The Arrecifes de Cozumel National Park is located right off the coast of the island of Cozumel in Quintana Roo. The Cozumel reef system represents a portion of the Mesoamerican Barrier Reef System. This is the second largest system of coral reefs in the world. Even though coral reefs surround almost the entire island of Cozumel, the park only incorporates the reefs on the southern flank of the island. Under the command of president Ernesto Zedillo Ponce de León, Arrecifes de Cozumel was affirmed to be a National Marine Park on July 19, 1996. The large park covers about 120 square kilometers. Cozumel is home to several species, such as the Cozumel Splendid toadfish that is recorded as vulnerable by IUCN and is endemic to the reefs that surround the island. The park also has several other species that are in some point of legal protection, together with sea turtles like the Loggerhead Sea Turtle, the Hawksbill turtle, and Green turtle, as well as the black coral and the Queen Conch.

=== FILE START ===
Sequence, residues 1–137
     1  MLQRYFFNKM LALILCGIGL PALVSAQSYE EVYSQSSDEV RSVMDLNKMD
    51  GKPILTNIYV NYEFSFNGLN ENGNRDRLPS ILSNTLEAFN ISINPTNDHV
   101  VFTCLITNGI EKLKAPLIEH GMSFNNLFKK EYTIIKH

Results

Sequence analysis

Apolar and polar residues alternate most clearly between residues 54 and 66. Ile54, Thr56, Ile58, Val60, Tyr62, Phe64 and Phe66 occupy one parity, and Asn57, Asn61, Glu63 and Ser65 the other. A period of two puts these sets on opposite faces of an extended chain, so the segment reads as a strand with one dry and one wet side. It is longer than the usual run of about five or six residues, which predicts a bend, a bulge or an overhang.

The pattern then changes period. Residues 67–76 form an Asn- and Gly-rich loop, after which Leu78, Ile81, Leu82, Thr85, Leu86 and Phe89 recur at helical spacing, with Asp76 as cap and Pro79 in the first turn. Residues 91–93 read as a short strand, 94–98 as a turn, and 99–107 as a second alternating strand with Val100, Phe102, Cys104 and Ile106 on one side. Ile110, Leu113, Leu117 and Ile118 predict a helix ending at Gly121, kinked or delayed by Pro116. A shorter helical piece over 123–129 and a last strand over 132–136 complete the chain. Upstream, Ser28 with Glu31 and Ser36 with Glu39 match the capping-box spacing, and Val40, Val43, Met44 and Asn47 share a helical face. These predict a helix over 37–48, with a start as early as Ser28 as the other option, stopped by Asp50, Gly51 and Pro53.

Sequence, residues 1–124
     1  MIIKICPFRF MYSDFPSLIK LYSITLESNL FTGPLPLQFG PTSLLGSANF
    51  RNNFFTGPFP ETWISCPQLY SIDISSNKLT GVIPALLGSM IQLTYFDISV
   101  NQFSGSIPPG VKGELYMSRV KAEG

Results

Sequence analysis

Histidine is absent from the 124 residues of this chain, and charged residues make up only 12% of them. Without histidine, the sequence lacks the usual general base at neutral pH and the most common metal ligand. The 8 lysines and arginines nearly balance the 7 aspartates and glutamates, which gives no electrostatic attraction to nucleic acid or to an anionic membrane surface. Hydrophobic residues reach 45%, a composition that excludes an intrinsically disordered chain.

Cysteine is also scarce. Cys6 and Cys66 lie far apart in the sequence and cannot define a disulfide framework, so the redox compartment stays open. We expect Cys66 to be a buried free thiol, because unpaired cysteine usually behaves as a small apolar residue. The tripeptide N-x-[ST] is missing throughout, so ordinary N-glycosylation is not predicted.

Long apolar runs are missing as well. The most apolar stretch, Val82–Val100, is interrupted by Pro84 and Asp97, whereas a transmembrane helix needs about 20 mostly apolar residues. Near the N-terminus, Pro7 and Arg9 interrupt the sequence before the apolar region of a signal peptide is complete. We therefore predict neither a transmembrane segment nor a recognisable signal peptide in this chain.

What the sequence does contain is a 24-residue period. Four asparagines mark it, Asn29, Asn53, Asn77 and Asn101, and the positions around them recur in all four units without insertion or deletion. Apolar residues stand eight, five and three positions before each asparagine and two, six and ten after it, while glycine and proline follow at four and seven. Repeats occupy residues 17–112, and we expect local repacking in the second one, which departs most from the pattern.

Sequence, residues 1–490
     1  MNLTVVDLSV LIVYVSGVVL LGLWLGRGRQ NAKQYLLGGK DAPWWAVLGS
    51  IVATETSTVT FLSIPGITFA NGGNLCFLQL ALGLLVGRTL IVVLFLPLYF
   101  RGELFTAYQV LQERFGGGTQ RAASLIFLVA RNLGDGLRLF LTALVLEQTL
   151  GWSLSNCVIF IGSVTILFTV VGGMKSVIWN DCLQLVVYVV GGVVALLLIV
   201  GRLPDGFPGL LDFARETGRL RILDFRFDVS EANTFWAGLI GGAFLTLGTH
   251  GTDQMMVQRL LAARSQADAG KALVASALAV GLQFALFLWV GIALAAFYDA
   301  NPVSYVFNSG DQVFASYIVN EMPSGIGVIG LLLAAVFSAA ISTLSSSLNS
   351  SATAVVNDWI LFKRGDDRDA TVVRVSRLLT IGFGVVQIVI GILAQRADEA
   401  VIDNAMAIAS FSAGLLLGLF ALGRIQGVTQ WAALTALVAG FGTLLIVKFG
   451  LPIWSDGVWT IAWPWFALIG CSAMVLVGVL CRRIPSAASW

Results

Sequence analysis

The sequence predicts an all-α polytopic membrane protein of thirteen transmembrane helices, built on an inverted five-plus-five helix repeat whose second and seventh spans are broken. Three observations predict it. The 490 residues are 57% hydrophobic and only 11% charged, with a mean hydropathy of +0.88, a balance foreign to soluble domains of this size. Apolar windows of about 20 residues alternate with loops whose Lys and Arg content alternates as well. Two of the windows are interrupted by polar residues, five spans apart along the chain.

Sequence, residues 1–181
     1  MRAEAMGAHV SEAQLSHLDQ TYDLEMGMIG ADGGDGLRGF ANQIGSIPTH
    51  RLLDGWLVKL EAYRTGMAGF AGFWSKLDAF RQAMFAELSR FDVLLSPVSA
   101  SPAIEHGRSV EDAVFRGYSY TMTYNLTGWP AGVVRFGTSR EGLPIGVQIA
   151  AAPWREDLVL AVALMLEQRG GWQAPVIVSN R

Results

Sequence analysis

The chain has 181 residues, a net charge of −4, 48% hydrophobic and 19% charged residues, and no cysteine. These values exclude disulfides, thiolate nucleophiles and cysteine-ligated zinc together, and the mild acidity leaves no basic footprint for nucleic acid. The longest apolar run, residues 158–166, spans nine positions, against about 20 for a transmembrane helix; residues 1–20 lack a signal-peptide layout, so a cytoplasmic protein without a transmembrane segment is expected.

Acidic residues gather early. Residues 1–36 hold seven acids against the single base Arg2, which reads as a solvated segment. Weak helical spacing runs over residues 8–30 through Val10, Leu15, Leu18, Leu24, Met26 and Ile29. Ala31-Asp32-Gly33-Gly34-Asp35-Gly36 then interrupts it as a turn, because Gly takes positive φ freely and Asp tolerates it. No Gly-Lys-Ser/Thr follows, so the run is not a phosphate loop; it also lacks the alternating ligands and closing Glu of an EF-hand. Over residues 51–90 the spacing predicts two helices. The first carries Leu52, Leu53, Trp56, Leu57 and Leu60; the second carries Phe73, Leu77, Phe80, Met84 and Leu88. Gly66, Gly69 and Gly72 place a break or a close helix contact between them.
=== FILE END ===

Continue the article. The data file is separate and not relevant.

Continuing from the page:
Chacchoben, which means "the place of red corn" in the Mayan tongue is a Mayan ruin approximately 177 kilometer south of Tulum and about 11 kilometers from the village after which it was named. It is estimated that the Maya settled at the site around 200 BC, and the constructions date back from 700 AD. Large temples and immense platform groups characterize it. The Mexican National Institute of Anthropology and History (INAH) unearthed and restored the site in 1994, which until 2002 was closed to the public. Visitors to the site at present day can walk a circular path that cover three dug up and renovated pyramids, and view the many walls and staircases. Excavation still continues to be carried out on numerous mounds, which are recognized to hold more ancient buildings. Some structures still display hints of the red paint that once originally coated them, and the surviving pigments are further protected from degradation by the sun as the INAH has set up shaded areas. Notable objects include a large stone slab termed a stela with a Mayan hieroglyphic inscription at the base of the largest pyramid. Chacchoben is one of the more popularly visited excavation sites in the south of Quintana Roo. It can be easily reached from the port of Costa Maya and regular tourist trips are offered as well. To add to the thrills, the nearby jungle is home to deer, armadillo, spider monkeys, and howler monkeys along with jungle cats like jaguars, ocelots, and pumas.